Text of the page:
Sarek: solo winter hike

When did I decide to go on a winter trip to Sarek? Probably after reading the Vintersarek blog about a few guys spending three winter months there, while temperatures hit record lows. Or maybe while looking for untrailed territories in Sweden. Anyway, Sarek has become almost a magical word to me - associated with ragged peaks and long wide valleys, wilderness, no humans, no roads, wild animals, 2k-peaks and really good freerides.

Lynx tracks are crossing ski tracks, while walking in Sarek.

Here, you'll find six out of the eleven 2000+ peaks in Sweden - that's half of the country's highest mountains. Here, there are countless peaks, about 200 of them are above 1800 meters. Here, there are almost 100 glaciers. Here, it's Laponian area, the native Sami territory. Here, we're above the Polar Circle.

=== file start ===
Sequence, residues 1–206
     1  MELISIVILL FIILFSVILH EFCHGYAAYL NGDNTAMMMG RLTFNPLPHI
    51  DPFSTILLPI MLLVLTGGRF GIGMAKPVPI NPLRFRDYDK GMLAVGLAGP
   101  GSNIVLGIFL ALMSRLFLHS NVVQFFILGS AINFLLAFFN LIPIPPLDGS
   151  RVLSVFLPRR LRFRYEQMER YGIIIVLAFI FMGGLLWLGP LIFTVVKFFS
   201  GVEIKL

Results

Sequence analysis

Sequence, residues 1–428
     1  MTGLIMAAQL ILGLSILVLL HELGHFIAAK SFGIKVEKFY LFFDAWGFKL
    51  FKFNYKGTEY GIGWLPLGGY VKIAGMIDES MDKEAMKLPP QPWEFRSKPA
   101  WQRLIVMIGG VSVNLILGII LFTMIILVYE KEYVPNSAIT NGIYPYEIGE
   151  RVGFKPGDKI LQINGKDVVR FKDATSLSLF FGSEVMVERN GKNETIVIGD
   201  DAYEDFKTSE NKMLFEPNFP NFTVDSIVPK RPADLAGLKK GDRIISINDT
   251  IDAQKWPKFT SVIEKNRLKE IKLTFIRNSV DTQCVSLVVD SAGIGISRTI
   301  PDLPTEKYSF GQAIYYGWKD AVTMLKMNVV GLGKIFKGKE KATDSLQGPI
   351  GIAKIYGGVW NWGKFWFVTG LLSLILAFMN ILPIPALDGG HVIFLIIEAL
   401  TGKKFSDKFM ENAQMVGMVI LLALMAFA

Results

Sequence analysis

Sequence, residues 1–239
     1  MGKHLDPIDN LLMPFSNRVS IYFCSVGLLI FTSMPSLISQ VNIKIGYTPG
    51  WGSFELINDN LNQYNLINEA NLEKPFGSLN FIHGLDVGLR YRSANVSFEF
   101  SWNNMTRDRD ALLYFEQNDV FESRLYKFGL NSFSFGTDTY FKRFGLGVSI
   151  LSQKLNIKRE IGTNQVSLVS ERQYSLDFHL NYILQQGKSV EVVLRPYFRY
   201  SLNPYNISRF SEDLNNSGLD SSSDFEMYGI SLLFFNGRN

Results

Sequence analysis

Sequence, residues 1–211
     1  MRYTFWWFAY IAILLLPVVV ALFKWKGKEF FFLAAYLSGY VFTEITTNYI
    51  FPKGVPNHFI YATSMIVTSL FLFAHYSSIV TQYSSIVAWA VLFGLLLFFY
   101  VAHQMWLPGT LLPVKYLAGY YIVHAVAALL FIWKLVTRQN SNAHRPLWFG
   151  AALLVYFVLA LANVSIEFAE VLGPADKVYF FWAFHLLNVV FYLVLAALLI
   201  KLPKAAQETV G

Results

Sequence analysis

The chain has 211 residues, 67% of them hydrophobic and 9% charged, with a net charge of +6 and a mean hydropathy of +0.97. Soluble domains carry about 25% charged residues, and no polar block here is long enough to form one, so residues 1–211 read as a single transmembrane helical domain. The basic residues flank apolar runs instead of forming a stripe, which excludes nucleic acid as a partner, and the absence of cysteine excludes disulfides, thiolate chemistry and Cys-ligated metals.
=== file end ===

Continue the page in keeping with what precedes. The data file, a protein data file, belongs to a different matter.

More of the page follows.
On the way through Sarek with my expedition pulk.

To truly experience the National park of Sarek, you need at least 1-2 weeks. But you can walk around for more than a month and have different peaks, valleys and rides, all for yourself. The Kungsleden Trail touches the national park, but apart from that, there are no cabins - and no civilization. To get to the national park border, you need to ski for 2-3 days. Or, you can try to book a ride with a snowmobile, which will take a few hours and will set you back a few hundred Euro. It's all about how much time (and money) you have.

The peaks of Sarek are amazingly beautiful. Here is Bierikbákte, that I passed on my journey.